It has taken me YEARS, but I have learned to manage anxiety without drugs. I have found that just getting outside almost immediately alleviates my anxiety, even if all I do is just stand outside my front door for a couple of minutes. Combined with getting outside, I find that deep breathing and resting when I need to averts severe panic episodes.
Congrats on finally getting to the point where your anxiety is being managed. Interesting that something as basic as getting outdoors seems to immediately start calming anxiety. Good luck to you…
What concerns me is how many women are told they have anxiety disorder and are not evaluated for cardiac etiology. There is a strong connection between anxiety and heart disease. Researchers found a very strong association between generalized anxiety disorder, or GAD, and the occurrence of cardiovascular events such as strokes, heart attacks, heart failure and death.
The researchers looked at patients who experienced chest pain and other symptoms when they exerted themselves and engaged in certain other activities — a condition known as stable coronary heart disease.
They found that people who had this type of heart disease, plus GAD, had a higher rate of cardiovascular events than did patients who did not suffer from GAD. The findings also showed that risk factors for heart disease such as smoking, physical inactivity and skipping meds did not play a role in the greater number of cardiovascular events. The anxiety may contribute to heart disease due to the high blood pressure and chemical effects of chronic stress that occur due to anxiety.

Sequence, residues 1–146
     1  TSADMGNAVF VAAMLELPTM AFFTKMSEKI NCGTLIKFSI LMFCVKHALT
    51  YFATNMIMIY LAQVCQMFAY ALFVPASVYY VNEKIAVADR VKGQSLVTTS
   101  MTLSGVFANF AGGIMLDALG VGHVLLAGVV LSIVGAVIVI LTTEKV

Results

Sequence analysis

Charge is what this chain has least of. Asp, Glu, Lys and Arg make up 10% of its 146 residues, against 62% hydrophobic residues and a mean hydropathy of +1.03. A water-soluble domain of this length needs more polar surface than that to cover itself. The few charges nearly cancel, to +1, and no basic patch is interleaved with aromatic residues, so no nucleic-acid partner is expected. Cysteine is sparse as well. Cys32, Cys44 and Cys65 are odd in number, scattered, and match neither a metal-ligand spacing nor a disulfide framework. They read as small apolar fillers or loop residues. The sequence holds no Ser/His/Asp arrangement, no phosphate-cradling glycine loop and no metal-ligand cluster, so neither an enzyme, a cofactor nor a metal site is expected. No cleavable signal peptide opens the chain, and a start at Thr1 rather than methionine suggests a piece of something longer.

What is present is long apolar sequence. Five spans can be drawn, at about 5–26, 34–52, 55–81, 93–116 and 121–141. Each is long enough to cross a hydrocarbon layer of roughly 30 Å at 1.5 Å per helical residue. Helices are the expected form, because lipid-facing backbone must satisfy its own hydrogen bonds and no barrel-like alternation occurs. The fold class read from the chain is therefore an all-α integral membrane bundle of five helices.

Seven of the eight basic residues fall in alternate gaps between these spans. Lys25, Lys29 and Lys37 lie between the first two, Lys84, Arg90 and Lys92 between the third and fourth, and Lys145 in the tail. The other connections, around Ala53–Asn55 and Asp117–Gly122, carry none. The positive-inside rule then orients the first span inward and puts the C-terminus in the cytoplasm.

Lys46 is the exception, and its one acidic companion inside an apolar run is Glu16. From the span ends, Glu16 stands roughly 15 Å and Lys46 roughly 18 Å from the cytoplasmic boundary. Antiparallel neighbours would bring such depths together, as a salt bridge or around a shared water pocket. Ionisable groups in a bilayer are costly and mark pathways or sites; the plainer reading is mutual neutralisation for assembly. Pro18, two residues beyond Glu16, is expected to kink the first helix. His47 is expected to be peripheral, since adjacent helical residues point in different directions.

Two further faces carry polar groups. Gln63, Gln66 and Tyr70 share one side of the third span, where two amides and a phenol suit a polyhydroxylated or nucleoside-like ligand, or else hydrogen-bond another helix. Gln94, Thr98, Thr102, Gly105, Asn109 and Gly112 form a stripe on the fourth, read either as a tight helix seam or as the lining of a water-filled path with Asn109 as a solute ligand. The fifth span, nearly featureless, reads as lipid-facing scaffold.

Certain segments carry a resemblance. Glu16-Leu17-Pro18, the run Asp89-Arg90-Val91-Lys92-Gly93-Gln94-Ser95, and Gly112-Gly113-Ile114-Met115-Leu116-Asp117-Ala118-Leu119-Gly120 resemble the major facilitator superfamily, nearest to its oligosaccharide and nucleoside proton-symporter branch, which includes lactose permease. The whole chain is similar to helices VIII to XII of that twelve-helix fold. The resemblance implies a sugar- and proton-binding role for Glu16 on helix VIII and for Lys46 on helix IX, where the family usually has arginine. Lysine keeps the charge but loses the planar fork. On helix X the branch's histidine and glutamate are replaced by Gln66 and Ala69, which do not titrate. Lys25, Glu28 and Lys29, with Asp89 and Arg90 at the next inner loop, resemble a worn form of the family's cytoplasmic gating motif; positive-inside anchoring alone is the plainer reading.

In short, these findings suggest, GAD can predict whether people with stable coronary heart disease will have a stroke, heart attack or other serious heart problem. While an association between anxiety disorders and heart disease has long been suspected, doctors say this study is unique.
Everyone responds differently to treatments, so if one treatment doesn’t work for you, try another and try multiple techniques for anxiety attacks. I find that first learning to use tools that give you a little control, deep breathing, relaxation, being in the present, are recommended first and if no relief then to the pharmaceuticals in combination with some sort of counseling. I try to counsel about using your control measures, like childbirth, it is terrifying and scary but if you can channel your thoughts and responses such as breathing think Lamaze methods you have a little more power or control over the attacks.
There is a strong link between heart disease and conditions like anxiety and depression. Many women are commonly misdiagnosed with anxiety even when presenting with textbook heart attack symptoms (see more here) and we know that living with anxiety/depression can result in poorer outcomes for those who do have heart disease. It’s a vicious cycle – but it can be broken by taking these steps.